Parental Responsibility

Whether married or not, co-holders of parental responsibility are obliged to devise a parenting plan before approaching the court for relief. This can be done through mediation by a social worker or other suitably qualified persons, including an attorney who is an accredited divorce mediator.  

The Children's Act seeks to promote a problem-solving approach to family law as opposed the traditional but often destructive confrontational approach. Section 33 of the Act provides for the formalities and contents of such parenting plan:

Contents of parenting plans

 

1)     The co-holders of parental responsibilities and rights in respect of a child may agree on a parenting plan determining the exercise of their respective responsibilities and rights in respect of the child.

 

2)      If the co-holders of parental responsibilities and rights in respect of a child are experiencing difficulties in exercising their responsibilities and rights, those persons, before seeking the intervention of a court, must first seek to agree on a parenting plan determining the exercise of their respective responsibilities and rights in respect of the child.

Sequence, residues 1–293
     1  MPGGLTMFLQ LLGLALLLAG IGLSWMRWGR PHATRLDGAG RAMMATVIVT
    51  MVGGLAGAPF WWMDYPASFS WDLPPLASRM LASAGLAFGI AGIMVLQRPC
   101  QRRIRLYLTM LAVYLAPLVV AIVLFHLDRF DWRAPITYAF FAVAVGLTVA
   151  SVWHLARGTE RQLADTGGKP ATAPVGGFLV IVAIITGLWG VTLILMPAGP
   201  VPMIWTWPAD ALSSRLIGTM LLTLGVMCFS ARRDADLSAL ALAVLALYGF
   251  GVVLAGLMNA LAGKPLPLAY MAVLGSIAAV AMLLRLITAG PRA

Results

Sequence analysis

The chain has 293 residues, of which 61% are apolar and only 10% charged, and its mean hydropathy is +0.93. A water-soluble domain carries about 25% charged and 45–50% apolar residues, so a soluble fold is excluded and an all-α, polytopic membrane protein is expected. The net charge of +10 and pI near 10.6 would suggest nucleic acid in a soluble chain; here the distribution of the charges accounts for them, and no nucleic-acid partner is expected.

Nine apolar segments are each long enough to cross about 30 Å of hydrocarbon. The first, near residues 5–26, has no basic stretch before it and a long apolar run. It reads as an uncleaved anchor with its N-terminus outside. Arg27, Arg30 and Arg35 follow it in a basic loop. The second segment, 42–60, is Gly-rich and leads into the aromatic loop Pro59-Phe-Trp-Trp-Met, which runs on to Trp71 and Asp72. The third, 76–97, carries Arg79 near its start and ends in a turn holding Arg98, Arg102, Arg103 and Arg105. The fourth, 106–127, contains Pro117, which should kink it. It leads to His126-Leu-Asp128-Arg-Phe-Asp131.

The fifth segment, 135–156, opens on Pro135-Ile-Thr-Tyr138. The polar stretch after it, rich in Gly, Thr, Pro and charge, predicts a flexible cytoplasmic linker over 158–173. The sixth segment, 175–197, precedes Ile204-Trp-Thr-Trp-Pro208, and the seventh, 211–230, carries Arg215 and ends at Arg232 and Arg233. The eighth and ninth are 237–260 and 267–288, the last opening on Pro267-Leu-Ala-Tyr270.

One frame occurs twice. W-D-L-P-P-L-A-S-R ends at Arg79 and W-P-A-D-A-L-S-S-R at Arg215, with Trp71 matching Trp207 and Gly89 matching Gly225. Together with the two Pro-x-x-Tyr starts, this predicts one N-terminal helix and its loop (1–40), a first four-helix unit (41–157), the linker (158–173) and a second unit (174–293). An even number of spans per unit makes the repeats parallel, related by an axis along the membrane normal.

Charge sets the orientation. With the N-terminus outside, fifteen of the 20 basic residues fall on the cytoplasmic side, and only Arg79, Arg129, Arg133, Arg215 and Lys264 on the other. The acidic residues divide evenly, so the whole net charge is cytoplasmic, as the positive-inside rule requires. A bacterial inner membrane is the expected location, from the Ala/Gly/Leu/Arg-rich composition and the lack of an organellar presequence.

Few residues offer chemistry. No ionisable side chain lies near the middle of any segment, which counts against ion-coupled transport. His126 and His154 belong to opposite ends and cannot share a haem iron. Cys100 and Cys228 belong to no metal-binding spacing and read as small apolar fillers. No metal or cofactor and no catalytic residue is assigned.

3)      A parenting plan may determine any matter in connection with parental responsibilities and rights, including-

 

a)      where and with whom the child is to live;

b)      the maintenance of the child;

c)      contact between the child and-

i)       any of the parties; and

ii)      any other person; and

d)      the schooling and religious upbringing of the child.

 

4)      A parenting plan must comply with the best interests of the child standard as set out in section 7.

 

5)      In preparing a parenting plan as contemplated in subsection (2) the parties must seek-

 

a)      the assistance of a family advocate, social worker or psychologist; or

b)      mediation through a social worker or other suitably qualified person.

 

 Author : Roy Bregman